I unwrapped the green Opal Fruit and tossed it lightly into my mouth, assuming that this would be an Opal Fruit like any other Opal Fruit.
In my complacency, I allowed my attention to wander to other tasks. This turned out to be my greatest of errors, for the Opal Fruit moved around in my mouth in a non-obvious fashion, exploiting my moment of least concentration to make a dive for the left cheek as the teeth came down.
Searing pain. My hand shot to my mouth. I left the room abruptly, aiming for the bathroom, where I could suffer my ordeal in sweet sweet solitude.
I spat into the basin. Blood.
I had bitten my tongue and made it bleed.
Being away from my desk, I didn’t instantly have Google to hand, so I had to improvise the treatment for a bleeding tongue. I applied some pressure with a clean forefinger, and when the flow had been staunched, I used cold water to wash my mouth out and remove the excess.
The pain eventually dulled to an irritating ache, and 24 hours (or so) later, I’m starting to feel a bit more human again. No segments of tongue were permanently lost, and I have faith that I will make a full physical recovery.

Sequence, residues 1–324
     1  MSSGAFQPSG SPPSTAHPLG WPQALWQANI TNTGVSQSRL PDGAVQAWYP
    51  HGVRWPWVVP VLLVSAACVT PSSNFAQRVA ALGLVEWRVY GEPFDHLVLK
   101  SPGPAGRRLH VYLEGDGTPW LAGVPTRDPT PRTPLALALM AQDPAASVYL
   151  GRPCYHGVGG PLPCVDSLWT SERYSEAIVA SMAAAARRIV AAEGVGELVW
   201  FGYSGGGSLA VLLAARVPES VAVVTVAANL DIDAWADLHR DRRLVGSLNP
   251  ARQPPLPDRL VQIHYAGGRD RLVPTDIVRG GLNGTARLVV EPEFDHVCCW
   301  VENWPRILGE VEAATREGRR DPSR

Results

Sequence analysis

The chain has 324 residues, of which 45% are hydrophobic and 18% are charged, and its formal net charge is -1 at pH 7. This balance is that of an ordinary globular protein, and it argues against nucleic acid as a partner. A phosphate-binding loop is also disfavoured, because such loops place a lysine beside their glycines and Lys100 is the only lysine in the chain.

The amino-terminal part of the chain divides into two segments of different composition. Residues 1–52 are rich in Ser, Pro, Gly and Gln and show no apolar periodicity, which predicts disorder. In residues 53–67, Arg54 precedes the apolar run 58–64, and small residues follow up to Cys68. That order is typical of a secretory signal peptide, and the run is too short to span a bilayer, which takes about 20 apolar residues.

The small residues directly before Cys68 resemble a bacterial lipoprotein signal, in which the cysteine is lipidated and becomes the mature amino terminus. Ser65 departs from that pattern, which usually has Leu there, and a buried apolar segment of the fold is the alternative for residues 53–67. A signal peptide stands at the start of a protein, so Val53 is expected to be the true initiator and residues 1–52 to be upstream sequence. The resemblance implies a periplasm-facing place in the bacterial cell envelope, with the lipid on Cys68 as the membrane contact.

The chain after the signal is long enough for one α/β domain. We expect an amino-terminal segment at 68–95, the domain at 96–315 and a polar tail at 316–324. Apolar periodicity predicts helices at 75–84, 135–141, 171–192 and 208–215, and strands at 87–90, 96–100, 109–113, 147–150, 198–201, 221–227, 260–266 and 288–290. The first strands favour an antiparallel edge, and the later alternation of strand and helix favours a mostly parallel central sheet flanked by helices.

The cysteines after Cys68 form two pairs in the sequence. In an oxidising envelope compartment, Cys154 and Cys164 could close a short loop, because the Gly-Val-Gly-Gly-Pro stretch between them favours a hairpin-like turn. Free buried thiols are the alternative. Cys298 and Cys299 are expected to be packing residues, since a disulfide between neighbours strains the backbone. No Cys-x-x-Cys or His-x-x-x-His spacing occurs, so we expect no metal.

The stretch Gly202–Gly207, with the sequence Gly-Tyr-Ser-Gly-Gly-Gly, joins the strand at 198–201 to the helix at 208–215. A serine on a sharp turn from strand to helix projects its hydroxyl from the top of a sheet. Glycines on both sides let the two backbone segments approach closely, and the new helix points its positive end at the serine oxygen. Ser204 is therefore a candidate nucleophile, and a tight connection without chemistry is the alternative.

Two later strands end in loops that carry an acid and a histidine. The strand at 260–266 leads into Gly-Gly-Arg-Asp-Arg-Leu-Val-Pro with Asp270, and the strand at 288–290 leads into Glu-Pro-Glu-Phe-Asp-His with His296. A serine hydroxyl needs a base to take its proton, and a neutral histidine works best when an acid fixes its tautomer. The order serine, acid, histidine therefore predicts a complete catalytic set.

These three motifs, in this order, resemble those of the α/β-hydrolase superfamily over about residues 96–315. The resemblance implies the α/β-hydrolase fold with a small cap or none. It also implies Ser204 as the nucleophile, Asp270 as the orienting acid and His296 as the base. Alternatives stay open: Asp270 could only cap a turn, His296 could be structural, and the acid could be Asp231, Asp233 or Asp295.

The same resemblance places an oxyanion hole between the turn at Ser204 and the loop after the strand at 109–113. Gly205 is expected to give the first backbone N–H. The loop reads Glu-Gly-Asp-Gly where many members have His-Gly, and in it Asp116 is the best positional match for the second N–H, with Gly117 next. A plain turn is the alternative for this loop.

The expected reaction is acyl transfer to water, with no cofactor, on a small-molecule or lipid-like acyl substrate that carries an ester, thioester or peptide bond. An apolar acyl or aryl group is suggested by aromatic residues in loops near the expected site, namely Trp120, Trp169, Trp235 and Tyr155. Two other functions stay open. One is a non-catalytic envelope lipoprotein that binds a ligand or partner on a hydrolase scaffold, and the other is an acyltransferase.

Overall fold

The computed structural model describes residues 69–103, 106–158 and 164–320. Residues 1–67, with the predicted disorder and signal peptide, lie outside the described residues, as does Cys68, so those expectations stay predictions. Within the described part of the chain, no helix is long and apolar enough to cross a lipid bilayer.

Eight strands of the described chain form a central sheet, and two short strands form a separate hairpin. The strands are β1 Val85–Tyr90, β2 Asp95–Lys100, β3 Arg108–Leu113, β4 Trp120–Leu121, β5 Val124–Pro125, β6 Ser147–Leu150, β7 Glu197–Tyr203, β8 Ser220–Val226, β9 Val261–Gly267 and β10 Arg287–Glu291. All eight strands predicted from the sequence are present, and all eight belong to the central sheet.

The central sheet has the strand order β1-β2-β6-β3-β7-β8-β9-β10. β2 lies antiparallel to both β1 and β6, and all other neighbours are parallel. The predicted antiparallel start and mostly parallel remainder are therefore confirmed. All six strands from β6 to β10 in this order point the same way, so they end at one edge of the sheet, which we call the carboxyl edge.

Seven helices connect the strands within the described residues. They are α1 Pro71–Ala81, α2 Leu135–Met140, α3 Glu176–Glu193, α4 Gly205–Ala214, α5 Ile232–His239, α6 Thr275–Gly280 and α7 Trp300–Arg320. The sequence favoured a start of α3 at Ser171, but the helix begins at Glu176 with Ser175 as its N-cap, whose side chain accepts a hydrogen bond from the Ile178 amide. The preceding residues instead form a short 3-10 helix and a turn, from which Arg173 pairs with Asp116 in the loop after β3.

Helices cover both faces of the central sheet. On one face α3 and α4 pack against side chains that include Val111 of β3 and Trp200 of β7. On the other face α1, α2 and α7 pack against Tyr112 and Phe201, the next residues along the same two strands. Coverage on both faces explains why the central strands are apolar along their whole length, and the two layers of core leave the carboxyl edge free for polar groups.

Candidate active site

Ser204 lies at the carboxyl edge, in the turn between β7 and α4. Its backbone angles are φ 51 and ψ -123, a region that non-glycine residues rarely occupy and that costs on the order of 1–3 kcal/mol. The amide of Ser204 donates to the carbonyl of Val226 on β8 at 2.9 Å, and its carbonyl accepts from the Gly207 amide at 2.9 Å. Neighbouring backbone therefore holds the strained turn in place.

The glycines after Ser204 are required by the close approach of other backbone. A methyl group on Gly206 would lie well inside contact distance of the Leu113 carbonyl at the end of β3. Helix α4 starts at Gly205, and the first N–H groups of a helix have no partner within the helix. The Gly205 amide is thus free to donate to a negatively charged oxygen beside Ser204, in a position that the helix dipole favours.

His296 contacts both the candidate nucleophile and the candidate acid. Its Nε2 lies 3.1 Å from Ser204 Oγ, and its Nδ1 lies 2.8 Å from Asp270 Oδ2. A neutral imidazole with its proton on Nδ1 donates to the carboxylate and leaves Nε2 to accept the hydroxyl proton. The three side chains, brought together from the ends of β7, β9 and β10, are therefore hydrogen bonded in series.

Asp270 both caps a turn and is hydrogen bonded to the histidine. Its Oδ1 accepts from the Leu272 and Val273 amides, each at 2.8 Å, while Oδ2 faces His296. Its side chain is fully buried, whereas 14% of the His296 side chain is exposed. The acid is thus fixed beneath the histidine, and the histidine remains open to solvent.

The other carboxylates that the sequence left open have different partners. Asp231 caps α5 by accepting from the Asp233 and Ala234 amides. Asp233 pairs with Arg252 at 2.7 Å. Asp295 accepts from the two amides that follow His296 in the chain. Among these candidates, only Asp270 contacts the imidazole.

However, my ordeal still haunts me, and the Opal Fruits taunt me, and a flaunty thing flaunts me. A strawberry flavoured Opal Fruit sits, unwrapped, on my table top, beckoning me with its soft curves.
“Hey there,” she says, “Do you think you can handle me?”
I jibber and jabber back incoherently.
“I know what you are thinking,” she says, “If I succumb to her fruity wiles, will I be vulnerable to that pain all over again?”
I splutter and clutter.
“Oh, you silly boy,” she laughs, tossing her hair and fluttering her eyebrows, purring seductively from somewhere deep in her throat, “I don’t bite.” She laughs at how incredibly fucking witty she is.
Incensed by her cockiness, I toss her lightly into my mouth.